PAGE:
*for all X*’s; 5

_{i}*while, in general, S _{i}≤S_{T i}* and the difference between main and total effects is due to

*all interaction terms involving X*. The main effects and total effects are also strictly linked to two important sensitivity settings that are extremely relevant in the calibration context: Factors prioritization and Factors fixing.

_{i}3.1.1 Factors prioritization (FP) 10

*Assume that, in principle, the uncertain input factors X _{i}* can be “discovered”, i.e.
de-termined or measured, so as to find their true value. One legitimate question is then
“which factor should one try to determine first in order to have the largest expected
reduction in the variance of Y”? This defines the “factors fixing” setting. Saltelli and
Tarantola (2002) have shown that the main effect provides the answer to the FP
set-15

*ting, so that ranking input factors according to the S _{i}* values allows the analyst to guide
research e

*fforts that reduce the uncertainty in Y , by investing resources on the factor*

*having the largest S*.

_{i}3.1.2 Factors fixing (FF)

Another aim of sensitivity analysis is to simplify models. If a model is used systemat-20

ically in a Monte Carlo framework, so that input uncertainties are systematically
prop-agated into the output, it might be useful to ascertain which input factors can be fixed,
anywhere in their range of variation, without sensibly affecting a specific output of
*in-terest, Y . This may be useful for simplifying a model in a larger sense, because we*
may be able then to condense entire sections of our models if all factors entering in
25

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effect provides the answer to the FF setting, and the ranking of input factors according
*to the S _{T i}* values allows us to restrict the research efforts by “fixing” the factors having

*null S*=0 alone is not sufficient for

_{T i}’s. It is useful to note here that the condition S_{i}*fixing factor X*. This factor might be involved in interactions with other factors, so that although its first order term is zero, there might be non-zero higher order terms. 5

_{i}Both the FP and the FF settings are extremely important in the calibration context: FP matches the need of highlighting the key input factors driving the uncertainty of the model predictions and possibly reducing them; while FF matches the need to iden-tify irrelevant compartments of the model that, subsequently, can be simplified. For example, when applied to the likelihood weights in a GLUE procedure, as in Ratto et 10

al. (2001), input factors can be classified as:

**– factors with high main e**ffect: the analyst has to concentrate on these to reduce

the prediction uncertainty (FP);

**– factors with small total e**ffect: such factors have a negligible effect on the model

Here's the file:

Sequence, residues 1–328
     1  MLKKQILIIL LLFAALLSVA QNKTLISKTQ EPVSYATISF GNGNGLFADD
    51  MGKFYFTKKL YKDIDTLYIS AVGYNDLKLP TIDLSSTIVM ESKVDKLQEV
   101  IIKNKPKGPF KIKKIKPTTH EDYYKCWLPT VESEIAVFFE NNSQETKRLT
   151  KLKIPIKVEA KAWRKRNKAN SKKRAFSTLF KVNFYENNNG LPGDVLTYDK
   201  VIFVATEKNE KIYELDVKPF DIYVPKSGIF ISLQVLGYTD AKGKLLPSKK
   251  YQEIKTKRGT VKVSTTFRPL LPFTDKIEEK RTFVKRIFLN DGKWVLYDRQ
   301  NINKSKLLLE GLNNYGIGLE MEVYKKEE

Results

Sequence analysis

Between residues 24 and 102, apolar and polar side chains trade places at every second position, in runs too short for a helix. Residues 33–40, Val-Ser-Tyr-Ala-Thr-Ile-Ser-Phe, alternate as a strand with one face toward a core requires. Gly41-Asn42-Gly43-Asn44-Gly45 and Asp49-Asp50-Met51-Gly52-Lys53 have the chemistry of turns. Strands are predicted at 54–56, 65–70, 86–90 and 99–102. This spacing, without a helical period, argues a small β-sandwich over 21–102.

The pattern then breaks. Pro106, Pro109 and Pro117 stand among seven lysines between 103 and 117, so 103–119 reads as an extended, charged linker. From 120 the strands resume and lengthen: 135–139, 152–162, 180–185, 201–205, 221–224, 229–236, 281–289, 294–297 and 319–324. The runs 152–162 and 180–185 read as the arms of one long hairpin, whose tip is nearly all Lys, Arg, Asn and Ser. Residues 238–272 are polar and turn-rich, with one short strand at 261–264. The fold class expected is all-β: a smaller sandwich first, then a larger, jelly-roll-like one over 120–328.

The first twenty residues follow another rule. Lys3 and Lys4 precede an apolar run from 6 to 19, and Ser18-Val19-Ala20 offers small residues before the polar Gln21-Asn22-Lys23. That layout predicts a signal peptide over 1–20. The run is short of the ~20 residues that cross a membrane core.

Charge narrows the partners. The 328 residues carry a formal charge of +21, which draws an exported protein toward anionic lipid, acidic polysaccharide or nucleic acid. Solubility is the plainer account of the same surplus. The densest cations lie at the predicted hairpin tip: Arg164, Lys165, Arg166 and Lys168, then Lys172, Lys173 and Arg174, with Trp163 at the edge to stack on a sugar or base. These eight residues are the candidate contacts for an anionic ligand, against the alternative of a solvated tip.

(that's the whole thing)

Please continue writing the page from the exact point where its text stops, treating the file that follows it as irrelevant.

performance and can be fixed at a nominal value (FF). 15

**– factors with small main e**ffect but high total effect: here, such a situation flags an

influence mainly through interaction, implying lack of identification.

The latter situation, when it characterises the entire spectrum of input factors, would flag a particularly badly defined calibration problem, whereby the analyst is not allowed to identify any prioritisation to reduce prediction uncertainty; nor introduce any fixing to 20

simplify the model structure. This usually corresponds to a highly over-parameterised, unidentifiable model.

3.2 Monte Carlo filtering and Regionalised Sensitivity Analysis

We now present an altogether different setting for sensitivity analysis, strictly related to calibration. We call this “Factors Mapping” and it relates to the situations where 25

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we are especially concerned with particular points or portions of the distribution of the
*output Y . For example, we are interested in Y being above or below a given threshold:*
*e.g. Y could be a dose of contaminant and we are interested in how much (how often) a*
*threshold level for this dose level is being exceeded; or Y could be a set of constraints,*
based on the information available on observed systems. The latter situation is typical
5

*in calibration. In these settings, we will naturally tend to partition the realisation of Y*
into “good” and “bad”. This leads very naturally to Monte Carlo Filtering (MCF), where
one runs a Monte Carlo experiment producing realisations of the output(s) of interest
corresponding to different sampled points in the input factors space. Having done this,
*one “filters” the realizations of Y .*

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Regionalised Sensitivity Analysis (RSA, see Young et al., 1978, 1996; Hornberger
and Spear, 1981; Spear et al., 1994; Young 1999, and the references cited therein)
is an MCF procedure that aims to identify which factors are most important in leading
*to realisations of Y that are either in the “behaviour” or “non-behaviour” regions. Note*
*that, in this context, one is not interested in the variance of Y but in which factors*
15

*produce realizations of Y in the specified zone. In the simplest cases, RSA can answer*
this question by examining, for each factor, the subset corresponding to “behaviour”
and “non-behaviour” realisations. It is intuitive that, if the two subsets are dissimilar
from one another (as well as dissimilar, one would expect, from the initial marginal
distribution of that factor), then that factor is influential. Standard statistical tests such
20

as the Smirnov test are usually applied for this purpose.